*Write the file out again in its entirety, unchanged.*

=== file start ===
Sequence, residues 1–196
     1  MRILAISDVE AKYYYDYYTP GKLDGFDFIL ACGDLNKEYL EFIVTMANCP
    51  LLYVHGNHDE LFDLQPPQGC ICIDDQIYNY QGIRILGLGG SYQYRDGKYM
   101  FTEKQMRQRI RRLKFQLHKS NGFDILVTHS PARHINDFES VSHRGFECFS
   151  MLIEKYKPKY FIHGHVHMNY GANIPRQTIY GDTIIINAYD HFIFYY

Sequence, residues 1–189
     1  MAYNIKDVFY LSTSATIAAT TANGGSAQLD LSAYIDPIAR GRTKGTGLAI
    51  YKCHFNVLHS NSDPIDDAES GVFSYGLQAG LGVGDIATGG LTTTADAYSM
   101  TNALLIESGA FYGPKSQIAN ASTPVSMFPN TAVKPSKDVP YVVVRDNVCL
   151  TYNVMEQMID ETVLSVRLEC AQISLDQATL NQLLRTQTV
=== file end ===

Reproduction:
Sequence, residues 1–196
     1  MRILAISDVE AKYYYDYYTP GKLDGFDFIL ACGDLNKEYL EFIVTMANCP
    51  LLYVHGNHDE LFDLQPPQGC ICIDDQIYNY QGIRILGLGG SYQYRDGKYM
   101  FTEKQMRQRI RRLKFQLHKS NGFDILVTHS PARHINDFES VSHRGFECFS
   151  MLIEKYKPKY FIHGHVHMNY GANIPRQTIY GDTIIINAYD HFIFYY

Sequence, residues 1–189
     1  MAYNIKDVFY LSTSATIAAT TANGGSAQLD LSAYIDPIAR GRTKGTGLAI
    51  YKCHFNVLHS NSDPIDDAES GVFSYGLQAG LGVGDIATGG LTTTADAYSM
   101  TNALLIESGA FYGPKSQIAN ASTPVSMFPN TAVKPSKDVP YVVVRDNVCL
   151  TYNVMEQMID ETVLSVRLEC AQISLDQATL NQLLRTQTV